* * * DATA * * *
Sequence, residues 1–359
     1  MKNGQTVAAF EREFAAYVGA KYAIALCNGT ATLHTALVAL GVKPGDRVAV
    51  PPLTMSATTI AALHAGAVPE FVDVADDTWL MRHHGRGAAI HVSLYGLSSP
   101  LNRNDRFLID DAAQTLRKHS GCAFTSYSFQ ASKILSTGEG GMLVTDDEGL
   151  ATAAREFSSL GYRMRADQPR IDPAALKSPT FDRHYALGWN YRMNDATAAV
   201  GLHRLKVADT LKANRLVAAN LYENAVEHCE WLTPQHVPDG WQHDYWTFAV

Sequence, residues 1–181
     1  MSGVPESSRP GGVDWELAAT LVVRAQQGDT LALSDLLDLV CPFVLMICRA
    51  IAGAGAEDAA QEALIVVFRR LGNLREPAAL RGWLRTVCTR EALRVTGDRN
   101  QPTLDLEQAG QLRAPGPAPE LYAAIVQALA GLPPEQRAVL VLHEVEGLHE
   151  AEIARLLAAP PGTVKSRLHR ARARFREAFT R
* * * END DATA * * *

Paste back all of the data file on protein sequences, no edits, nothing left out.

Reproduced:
Sequence, residues 1–359
     1  MKNGQTVAAF EREFAAYVGA KYAIALCNGT ATLHTALVAL GVKPGDRVAV
    51  PPLTMSATTI AALHAGAVPE FVDVADDTWL MRHHGRGAAI HVSLYGLSSP
   101  LNRNDRFLID DAAQTLRKHS GCAFTSYSFQ ASKILSTGEG GMLVTDDEGL
   151  ATAAREFSSL GYRMRADQPR IDPAALKSPT FDRHYALGWN YRMNDATAAV
   201  GLHRLKVADT LKANRLVAAN LYENAVEHCE WLTPQHVPDG WQHDYWTFAV

Sequence, residues 1–181
     1  MSGVPESSRP GGVDWELAAT LVVRAQQGDT LALSDLLDLV CPFVLMICRA
    51  IAGAGAEDAA QEALIVVFRR LGNLREPAAL RGWLRTVCTR EALRVTGDRN
   101  QPTLDLEQAG QLRAPGPAPE LYAAIVQALA GLPPEQRAVL VLHEVEGLHE
   151  AEIARLLAAP PGTVKSRLHR ARARFREAFT R